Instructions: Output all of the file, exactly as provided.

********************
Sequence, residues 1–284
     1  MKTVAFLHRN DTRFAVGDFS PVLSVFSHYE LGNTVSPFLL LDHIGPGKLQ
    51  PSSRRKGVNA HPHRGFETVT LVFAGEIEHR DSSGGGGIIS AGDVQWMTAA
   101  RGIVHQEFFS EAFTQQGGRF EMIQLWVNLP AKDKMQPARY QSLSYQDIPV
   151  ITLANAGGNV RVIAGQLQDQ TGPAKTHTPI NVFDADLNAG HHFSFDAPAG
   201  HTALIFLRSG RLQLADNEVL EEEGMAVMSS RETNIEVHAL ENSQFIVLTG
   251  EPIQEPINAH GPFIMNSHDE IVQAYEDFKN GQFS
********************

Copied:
Sequence, residues 1–284
     1  MKTVAFLHRN DTRFAVGDFS PVLSVFSHYE LGNTVSPFLL LDHIGPGKLQ
    51  PSSRRKGVNA HPHRGFETVT LVFAGEIEHR DSSGGGGIIS AGDVQWMTAA
   101  RGIVHQEFFS EAFTQQGGRF EMIQLWVNLP AKDKMQPARY QSLSYQDIPV
   151  ITLANAGGNV RVIAGQLQDQ TGPAKTHTPI NVFDADLNAG HHFSFDAPAG
   201  HTALIFLRSG RLQLADNEVL EEEGMAVMSS RETNIEVHAL ENSQFIVLTG
   251  EPIQEPINAH GPFIMNSHDE IVQAYEDFKN GQFS